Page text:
Last Friday, France reinforced its registration ban for certain Mercedes-Benz models, as the German automaker insists on using a particular refrigerant apart from the one mandated by the European Union.
According to the environment ministry, the ban will be in force while Mercedes-Benz refuses to conform to the regulations set by the EU. Sales are also prohibited for Mercedes-Benz vehicles that have been assembled since June 12 this year, since they still use coolant R134a. The affected models include the A-Class, B-Class, and the new CLA-Class.
Daimler went on to appeal the sales freeze, which prompted an administrative court to tell France to reevaluate the case. As France remained firm on its stance, Mercedes-Benz called the announcement “absolutely incomprehensible.”
In further complications, the European Commission warned Berlin, which could face possible action, following a move by the motoring authority KBA to certify the affected vehicles by using earlier approvals that applied to some older models. This move is seen as a sidestep to the new regulations.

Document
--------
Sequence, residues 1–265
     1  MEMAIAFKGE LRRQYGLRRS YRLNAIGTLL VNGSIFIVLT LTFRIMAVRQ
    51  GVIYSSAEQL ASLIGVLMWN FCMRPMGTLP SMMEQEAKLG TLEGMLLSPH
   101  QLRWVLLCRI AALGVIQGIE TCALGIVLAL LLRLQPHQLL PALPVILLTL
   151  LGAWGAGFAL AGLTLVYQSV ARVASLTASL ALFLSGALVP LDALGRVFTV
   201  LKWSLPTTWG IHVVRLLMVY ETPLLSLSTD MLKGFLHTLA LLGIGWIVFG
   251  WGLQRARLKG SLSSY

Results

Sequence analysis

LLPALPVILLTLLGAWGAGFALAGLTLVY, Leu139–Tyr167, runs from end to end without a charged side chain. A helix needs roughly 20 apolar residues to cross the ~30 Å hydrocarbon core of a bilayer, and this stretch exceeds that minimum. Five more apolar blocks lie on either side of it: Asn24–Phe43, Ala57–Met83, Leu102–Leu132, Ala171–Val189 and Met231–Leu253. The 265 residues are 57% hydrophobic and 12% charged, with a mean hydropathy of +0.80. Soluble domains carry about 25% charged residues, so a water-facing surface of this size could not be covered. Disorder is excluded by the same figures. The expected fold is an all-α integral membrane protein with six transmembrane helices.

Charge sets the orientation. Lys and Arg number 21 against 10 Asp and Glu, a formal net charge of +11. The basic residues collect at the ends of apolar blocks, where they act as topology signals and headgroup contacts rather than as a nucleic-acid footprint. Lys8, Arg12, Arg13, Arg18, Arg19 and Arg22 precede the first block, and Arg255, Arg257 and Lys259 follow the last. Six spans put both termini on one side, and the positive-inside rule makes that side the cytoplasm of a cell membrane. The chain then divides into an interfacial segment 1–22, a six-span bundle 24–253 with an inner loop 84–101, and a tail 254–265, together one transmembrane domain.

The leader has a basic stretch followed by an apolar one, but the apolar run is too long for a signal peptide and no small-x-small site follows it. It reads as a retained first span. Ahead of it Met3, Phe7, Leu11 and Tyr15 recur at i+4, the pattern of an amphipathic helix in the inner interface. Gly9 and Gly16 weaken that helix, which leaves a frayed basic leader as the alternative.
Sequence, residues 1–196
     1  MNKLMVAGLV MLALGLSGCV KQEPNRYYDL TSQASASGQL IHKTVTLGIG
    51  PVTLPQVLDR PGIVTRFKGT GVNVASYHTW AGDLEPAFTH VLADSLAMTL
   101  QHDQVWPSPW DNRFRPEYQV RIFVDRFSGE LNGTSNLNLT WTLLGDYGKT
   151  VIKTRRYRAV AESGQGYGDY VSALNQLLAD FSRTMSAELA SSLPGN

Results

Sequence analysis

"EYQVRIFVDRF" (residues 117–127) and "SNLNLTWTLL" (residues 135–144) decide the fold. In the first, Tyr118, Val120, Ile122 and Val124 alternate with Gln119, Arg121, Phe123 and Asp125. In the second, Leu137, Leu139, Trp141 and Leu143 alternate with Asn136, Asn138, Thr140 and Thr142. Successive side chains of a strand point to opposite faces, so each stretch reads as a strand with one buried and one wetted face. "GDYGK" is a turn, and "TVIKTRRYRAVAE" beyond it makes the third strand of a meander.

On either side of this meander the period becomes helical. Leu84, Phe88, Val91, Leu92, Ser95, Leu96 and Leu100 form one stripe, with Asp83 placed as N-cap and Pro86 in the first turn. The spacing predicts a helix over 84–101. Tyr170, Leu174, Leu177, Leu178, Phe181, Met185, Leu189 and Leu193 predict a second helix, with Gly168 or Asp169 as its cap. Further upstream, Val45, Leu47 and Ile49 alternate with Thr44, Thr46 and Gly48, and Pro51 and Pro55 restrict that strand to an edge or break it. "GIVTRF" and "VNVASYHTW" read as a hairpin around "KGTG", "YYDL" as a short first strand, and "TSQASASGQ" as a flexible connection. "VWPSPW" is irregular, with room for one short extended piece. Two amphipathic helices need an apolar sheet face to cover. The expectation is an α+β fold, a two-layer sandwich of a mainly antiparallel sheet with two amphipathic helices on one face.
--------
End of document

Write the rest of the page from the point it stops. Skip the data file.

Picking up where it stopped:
Today, vehicles are required to use the coolant R1234yf, which is sourced from Honeywell and Dupont.
Some 4,500 vehicles have already been kept from being delivered, and around 2,700 of those have already been paid for by customers, who now likely have to wait for this issue to pass before they get their new cars.
Mercedes-Benz and Daimler argue that the vehicles currently on European roads are still using R134a, and as such, it has proven its safeness.